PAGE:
Eerdmans, 160 pages
It’s hard to imagine any pastor in their right mind closing down a basketball program that brings in 250 inner-city youth from 9 a.m.–5 p.m. Monday-Friday, but Mike Mather did.
Why? While patting himself on the back from the media coverage Mather received as a young associate pastor presiding over 250 “impoverished” souls, nine young men in a four-block radius around Broadway United Methodist Church in Indianapolis died from violence in nine months. His church was “helping a few people beat the odds,” but not “changing the odds for everyone.” And he was determined to do the latter.
Later, as a solo pastor in South Bend, Indiana, on Pentecost Sunday, he read aloud Joel’s prophecy: “I will pour out my spirit on all flesh.” But after church a congregant called his bluff: “If what God said is true, why don’t we treat people like that? … At the food pantry, we ask people how poor they are rather than how rich they are. Peter is saying all people have God’s Spirit poured into them.”
This conversation sent Mather on a journey to figure out what it would look like to assume that the Spirit of God is alive in every human soul, especially the poor. It took a radical shift in how his church viewed those in poverty, which in turn caused the end of several “successful” outreach ministries like tutoring and a food pantry. Their new way of being centered on listening, neighborhood gift mapping and assisting the newly discovered gifts to flourish.
Many of us have learned about strengths-based leadership and asset-based approaches to congregational development, but the implementation often falls prey to organizational navel gazing. Through over 30 years of pastoral ministry, however, Mather figured out how to cast a wider net, taking the best of these approaches to the streets where he discovered the Spirit alive and well in homes, kitchens and porches. Through his own endless walks around the neighborhood and eating meal after meal within the homes of community residents, Broadway UMC began to see the rich gifts surrounding them where they had for so long only seen scarcity. This is no small feat: the two census tracts closest to Broadway report poverty rates of 36 and 33 percent, and Indianapolis’s history of racial segregation is by some measures worse than any other northern city.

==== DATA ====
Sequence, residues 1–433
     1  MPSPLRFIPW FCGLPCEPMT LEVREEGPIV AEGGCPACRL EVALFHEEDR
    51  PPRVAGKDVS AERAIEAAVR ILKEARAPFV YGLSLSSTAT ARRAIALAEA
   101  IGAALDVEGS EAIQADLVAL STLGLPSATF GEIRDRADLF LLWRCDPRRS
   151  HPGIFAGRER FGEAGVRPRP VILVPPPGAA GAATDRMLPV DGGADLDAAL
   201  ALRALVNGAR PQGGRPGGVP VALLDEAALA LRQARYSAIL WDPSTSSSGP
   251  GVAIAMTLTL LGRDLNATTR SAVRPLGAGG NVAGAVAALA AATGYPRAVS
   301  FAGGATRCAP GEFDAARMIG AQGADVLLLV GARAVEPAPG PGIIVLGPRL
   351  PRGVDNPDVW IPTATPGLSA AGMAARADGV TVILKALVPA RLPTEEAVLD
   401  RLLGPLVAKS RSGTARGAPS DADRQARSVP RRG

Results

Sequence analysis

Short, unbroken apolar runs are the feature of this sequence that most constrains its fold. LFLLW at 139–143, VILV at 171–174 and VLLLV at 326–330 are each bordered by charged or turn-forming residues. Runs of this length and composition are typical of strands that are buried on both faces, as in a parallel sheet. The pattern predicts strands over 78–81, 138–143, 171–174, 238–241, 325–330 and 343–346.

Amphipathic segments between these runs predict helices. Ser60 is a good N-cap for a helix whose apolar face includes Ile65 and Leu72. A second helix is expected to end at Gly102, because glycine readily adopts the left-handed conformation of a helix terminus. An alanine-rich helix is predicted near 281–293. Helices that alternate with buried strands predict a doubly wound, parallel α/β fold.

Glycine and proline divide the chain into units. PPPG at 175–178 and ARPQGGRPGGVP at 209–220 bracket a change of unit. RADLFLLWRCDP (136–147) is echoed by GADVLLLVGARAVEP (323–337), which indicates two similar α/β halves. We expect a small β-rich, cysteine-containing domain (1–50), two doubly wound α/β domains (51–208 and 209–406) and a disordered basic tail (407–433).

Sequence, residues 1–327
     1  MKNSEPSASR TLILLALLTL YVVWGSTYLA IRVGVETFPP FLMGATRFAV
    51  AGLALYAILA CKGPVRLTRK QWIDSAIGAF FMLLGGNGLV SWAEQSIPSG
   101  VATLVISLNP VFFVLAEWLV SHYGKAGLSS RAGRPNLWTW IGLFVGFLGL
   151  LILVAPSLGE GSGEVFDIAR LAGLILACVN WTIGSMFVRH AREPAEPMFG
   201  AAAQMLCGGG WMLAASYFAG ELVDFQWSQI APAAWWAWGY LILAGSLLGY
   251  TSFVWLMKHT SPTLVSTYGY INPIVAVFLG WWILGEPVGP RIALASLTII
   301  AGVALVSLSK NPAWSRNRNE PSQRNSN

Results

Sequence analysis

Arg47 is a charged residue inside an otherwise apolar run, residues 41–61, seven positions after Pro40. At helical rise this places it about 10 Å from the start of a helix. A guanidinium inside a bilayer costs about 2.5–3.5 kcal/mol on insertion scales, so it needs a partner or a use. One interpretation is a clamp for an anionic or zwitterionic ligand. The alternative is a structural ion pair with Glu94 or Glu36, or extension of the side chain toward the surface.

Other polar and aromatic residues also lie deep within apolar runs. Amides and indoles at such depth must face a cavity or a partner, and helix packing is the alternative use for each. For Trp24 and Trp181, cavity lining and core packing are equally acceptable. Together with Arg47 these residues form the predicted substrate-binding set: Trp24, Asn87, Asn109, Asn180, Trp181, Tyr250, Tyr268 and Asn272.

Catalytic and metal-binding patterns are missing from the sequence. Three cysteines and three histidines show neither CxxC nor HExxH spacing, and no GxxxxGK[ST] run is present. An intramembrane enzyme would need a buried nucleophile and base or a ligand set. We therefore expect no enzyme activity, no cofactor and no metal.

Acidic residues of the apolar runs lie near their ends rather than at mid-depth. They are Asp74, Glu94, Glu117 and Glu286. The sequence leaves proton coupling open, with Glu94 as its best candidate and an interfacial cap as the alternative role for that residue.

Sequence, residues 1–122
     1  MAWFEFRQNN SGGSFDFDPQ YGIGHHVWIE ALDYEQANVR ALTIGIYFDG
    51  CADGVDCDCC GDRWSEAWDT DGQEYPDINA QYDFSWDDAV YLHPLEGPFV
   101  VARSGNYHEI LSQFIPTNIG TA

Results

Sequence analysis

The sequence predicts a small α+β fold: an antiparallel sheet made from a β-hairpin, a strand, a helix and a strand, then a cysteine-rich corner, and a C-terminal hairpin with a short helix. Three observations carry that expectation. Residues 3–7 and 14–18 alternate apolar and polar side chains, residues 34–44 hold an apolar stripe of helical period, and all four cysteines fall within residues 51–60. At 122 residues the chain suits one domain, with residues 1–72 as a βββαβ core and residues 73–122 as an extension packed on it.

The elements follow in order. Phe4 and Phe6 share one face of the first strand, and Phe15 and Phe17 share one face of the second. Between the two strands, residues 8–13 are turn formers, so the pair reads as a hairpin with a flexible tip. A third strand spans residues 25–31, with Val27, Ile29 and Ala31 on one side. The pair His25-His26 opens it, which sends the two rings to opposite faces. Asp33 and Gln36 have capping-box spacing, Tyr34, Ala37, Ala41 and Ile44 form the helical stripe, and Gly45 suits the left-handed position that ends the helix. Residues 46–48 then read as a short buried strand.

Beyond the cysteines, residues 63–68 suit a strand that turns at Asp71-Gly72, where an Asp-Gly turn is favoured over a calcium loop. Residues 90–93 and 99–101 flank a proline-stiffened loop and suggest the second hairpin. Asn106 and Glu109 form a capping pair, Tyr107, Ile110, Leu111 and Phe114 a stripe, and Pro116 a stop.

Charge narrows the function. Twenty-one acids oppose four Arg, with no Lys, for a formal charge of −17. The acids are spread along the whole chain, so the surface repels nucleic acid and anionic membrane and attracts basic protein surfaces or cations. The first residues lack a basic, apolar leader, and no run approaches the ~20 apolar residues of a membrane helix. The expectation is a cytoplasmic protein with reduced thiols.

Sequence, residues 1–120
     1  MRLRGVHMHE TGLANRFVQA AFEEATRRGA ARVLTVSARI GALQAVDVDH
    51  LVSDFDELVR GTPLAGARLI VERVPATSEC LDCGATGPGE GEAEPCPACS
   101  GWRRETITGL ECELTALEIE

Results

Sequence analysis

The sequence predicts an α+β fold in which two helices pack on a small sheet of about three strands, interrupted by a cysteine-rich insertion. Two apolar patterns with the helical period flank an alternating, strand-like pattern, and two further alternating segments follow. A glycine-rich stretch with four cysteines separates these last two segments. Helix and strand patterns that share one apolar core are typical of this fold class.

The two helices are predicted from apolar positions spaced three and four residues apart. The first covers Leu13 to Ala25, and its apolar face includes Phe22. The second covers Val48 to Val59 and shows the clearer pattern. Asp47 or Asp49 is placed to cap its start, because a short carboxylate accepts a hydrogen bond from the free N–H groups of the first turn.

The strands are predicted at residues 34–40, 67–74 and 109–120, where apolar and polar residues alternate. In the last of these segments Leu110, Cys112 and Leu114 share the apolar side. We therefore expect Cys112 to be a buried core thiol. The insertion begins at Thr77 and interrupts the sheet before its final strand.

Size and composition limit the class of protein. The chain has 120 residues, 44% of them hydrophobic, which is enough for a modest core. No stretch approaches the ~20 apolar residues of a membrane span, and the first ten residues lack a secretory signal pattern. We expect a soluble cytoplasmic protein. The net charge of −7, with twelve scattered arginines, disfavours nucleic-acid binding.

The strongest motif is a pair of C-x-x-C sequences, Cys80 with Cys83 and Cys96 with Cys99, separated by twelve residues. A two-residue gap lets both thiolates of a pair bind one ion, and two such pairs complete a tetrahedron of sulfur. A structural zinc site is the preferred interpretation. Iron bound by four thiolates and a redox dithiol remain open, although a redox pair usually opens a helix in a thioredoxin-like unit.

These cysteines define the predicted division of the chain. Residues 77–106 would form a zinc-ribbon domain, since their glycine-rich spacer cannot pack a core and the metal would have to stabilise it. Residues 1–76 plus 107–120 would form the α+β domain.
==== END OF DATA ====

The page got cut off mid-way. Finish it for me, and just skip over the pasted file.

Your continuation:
But no statistic can capture the marvel that is the Spirit-filled soul. Once Mather and Broadway dedicated themselves to discovering the gifts around them, they found in their “poor” neighborhood everything from cooks who have since opened profitable restaurants to tutoring groups run much more effectively than the church-led program. In an illustration-packed memoir, Mather shows that scarcity narratives create self-perpetuating results. In Mather’s hard-fought but humbly presented work, readers see a tapestry of kingdom comings; in story after story, those with their head hung low rise up to new life when given a chance to celebrate their essence.
This is the kind of book with the potential to upend every facet of church and society. When we stop looking for needs and start identifying gifts, we will be one step closer to ending poverty. Does the church have the humility to stop programming and to start listening for the Spirit?
Eric Peltz is associate pastor of Chevy Chase Presbyterian Church in Chevy Chase, Maryland.